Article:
The latest in our series of London Borough Data Partnership meetings was held last week at the London Fire Brigade HQ. The Partnership aims to bring together London’s Government to share, discuss and create data projects to solve some of our public service challenges. An interesting set of speakers, along with the promise of festive mince pies, meant the meeting was well attended with over 50 people from 30 different organisations.
The LFB’s Andrew Mobbs kicked proceedings off with a compelling example of how plugging in additional datasets (e.g. assisted bin collection and disability allowance) into their fire risk model, would allow them to target scarce prevention resource and ultimately a save lives. Andy and his team are making progress but would be keen to hear from boroughs who think they could help.
After a brief introduction to the LODA Pilot by the GLA’s Wil Tonkiss (more of which can be found in this update blog), Hilary Simpson (Nesta) gave us an overview of practical steps involved in sharing data within and across organisations. Her first-hand experience developing Privacy Impact Assessments and Information Sharing Protocols in Camden, and the LODA pilot, was reassuring and will be a great help getting over those data sharing hurdles at the start of projects.
The final session before the caffeine break moved us on to the charity sector. Vivienne Avery (Head of the GLA’s Demography & Policy Analysis team) took us through some of the third sector data collaborations planned for 2017 such as: children’s services, refugee/asylum seekers and health projections, all driven by sharing data. Emma Prest followed this up with an energetic run through the work of DataKind UK and numerous charities – a great example of power of data science volunteers! We look forward to hearing more from Emma on these blog pages in the New Year, as a project with DataKind, GLA, St Mungos and DWP develops.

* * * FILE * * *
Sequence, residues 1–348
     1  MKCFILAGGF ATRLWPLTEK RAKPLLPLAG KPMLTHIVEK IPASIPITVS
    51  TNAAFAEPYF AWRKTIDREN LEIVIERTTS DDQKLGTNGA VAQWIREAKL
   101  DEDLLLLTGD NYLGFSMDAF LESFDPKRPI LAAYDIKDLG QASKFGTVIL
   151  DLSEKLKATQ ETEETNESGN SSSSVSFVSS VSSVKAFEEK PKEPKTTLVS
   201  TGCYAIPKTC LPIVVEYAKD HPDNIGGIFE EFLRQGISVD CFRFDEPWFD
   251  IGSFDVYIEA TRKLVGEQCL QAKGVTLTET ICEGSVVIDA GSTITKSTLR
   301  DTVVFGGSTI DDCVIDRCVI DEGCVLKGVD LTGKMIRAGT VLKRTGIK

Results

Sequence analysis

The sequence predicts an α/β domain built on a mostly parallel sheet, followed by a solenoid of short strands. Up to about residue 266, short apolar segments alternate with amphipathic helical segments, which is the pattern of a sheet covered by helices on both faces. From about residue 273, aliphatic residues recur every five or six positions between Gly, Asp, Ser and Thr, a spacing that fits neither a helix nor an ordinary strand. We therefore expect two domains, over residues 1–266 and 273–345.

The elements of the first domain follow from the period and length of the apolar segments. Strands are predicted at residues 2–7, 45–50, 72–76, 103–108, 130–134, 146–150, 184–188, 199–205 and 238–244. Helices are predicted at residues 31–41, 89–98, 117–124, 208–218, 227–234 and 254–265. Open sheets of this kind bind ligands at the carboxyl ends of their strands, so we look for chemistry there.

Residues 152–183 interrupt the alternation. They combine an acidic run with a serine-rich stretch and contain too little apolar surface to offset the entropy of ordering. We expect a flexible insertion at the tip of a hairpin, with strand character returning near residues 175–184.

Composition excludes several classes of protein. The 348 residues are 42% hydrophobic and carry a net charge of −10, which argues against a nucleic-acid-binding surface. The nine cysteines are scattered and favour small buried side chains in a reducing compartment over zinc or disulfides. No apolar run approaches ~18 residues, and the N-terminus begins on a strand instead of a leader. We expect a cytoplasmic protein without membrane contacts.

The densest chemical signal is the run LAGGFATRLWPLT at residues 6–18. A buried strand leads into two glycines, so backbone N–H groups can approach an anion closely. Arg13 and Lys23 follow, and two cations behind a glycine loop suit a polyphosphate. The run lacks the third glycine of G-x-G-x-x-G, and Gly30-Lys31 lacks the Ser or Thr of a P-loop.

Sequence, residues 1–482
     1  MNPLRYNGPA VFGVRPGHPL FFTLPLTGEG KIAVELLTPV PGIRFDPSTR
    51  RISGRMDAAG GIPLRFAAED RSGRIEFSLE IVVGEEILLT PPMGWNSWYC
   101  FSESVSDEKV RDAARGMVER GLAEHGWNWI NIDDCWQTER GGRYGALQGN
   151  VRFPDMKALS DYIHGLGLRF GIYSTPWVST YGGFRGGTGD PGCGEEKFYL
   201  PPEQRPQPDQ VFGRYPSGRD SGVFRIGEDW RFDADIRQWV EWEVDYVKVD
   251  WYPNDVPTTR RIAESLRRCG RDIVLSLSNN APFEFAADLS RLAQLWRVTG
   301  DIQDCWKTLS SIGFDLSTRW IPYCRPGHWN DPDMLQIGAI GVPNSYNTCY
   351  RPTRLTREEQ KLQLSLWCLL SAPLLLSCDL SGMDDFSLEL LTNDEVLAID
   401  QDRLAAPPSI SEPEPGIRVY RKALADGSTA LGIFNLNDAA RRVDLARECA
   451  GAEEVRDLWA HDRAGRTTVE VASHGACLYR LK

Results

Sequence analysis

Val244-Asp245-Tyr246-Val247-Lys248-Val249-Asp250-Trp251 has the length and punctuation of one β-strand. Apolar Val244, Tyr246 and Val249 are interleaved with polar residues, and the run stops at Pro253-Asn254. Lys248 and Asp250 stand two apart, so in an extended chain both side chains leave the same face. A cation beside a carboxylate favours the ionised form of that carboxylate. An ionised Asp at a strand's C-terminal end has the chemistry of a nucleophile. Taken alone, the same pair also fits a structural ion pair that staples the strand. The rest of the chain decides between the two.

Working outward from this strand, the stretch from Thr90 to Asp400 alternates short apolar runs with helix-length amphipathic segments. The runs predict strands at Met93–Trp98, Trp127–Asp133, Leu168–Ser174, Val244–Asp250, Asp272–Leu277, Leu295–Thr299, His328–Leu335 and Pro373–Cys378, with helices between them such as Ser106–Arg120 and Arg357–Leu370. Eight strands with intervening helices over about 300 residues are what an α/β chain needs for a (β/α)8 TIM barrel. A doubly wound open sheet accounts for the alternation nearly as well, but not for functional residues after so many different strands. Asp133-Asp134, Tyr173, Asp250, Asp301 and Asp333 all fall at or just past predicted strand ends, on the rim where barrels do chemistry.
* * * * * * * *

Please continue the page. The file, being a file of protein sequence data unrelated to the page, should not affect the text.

Joel Marsden reconvened proceedings with an overview of the GLA’s suite of Labour Market Indicators, forecasts, and projections, before bravely attempting a live demo of a visualisation of real-time job posting data. The new tool presents data for online job postings and includes breakdowns such as: occupation, salary, location and skills. The site will be open and free to use on the Datastore in the New Year but is currently in development. We are keen to hear feedback, so please contact Joel if you’re interested in helping us test.
The final two presentations of the morning showcased work from the London Boroughs. Ellis Turner, Environmental Health Manager at Islington, described a recent health mapping project to understand the potential links between housing deprivation and falls. Ellis is keen to collaborate and hear from other Boroughs who are interested in progressing this work, so please do get in touch with him. Finally, Jean Mallo took us through a collaborative project between Waltham Forest, Hackney and OFSTED that aims to improve the flow and presentation of performance data relating to vulnerable children. Jean is crunching national performance data to produce simple dashboards (example below) that effectively present key metrics to children services’ managers.
The range and depth of content described above highlights some of the really interesting projects and data sharing work already underway across London. It was great to see local government, London Fire Brigade and the third sector sharing the stage – we look forward to strengthening this collaboration in 2017!
The slide deck from the event can be found here (pdf).